School Prayer Decisions Resonate Nearly 50 Years Later

By Mark Walsh — May 12, 2011 6 min read
  • Save to favorites
  • Print

It has been nearly a half century since the U.S. Supreme Court issued its landmark decisions striking down state-sponsored prayers in the public schools. On Tuesday evening at the court, a scholarly lecture about one of those decisions kicked off what is likely to be a good deal of nostalgia and renewed debate about the cases.

In 1962, in Engel v. Vitale, the court invalidated a New York law requiring daily recitations of a prayer composed by the state Board of Regents. In 1963, in Abington School District v. Schempp, the court struck down practices that were much more prevalent in other states: school-led recitations of Bible verses and the Lord’s Prayer. For years, critics have accused the high court of nothing less than causing the decline of American public education.

Douglas Laycock, a professor of law and religious studies at the University of Virginia, focused on the Schempp case, for which the Supreme Court is widely viewed as more directly and forcefully confronting the long U.S. tradition of school-led prayers than it had the year before in Engel.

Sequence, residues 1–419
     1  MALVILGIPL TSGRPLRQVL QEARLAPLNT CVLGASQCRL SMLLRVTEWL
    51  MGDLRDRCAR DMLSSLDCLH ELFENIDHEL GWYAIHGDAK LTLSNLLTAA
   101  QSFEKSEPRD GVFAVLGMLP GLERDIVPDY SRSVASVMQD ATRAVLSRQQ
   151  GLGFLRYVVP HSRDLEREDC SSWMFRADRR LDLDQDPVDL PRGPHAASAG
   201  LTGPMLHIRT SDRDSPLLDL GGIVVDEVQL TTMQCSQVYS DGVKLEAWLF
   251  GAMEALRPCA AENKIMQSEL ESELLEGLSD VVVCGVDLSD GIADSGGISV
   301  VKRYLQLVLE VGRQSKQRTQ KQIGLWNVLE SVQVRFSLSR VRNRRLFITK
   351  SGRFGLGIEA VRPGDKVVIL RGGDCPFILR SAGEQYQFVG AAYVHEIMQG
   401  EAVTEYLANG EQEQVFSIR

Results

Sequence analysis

“Ending school-sponsored religious exercises was an idea whose time had come,” said Laycock, who was delivering the last in a Supreme Court Historical Society series this spring about the people behind the court’s religion cases. Laycock, a preeminent scholar on church-state issues, was introduced at the May 10 event in the courtroom by Justice Anthony M. Kennedy. (I wrote here about another lecture in the series, on the 1972 case of Wisconsin v. Yoder.)

While there were several lawsuits in the late 1950’s and early 1960’s challenging public school religious exercises around the country, the story of the Schempp family of Abington, Pa., is the most compelling, Laycock said.

Edward Schempp and his wife, Sidney, were Unitarians who encouraged their children to think for themselves. The Schempps did not believe in the Holy Trinity or in an anthropomorphic God as conveyed in the King James Bible, the version used by many Protestant denominations and used in the public schools since the 19th Century, when educator Horace Mann of Massachusetts introduced the idea of reading Bible verses without comment to children in the “common schools.”

Edward Schempp objected to the daily Bible verses and Lord’s Prayer delivered by students in the Abington schools. He didn’t think many verses of the Bible were appropriate for reading to schoolchildren without further instruction or context. “But he wasn’t sufficiently motivated to do anything about it,” said Laycock.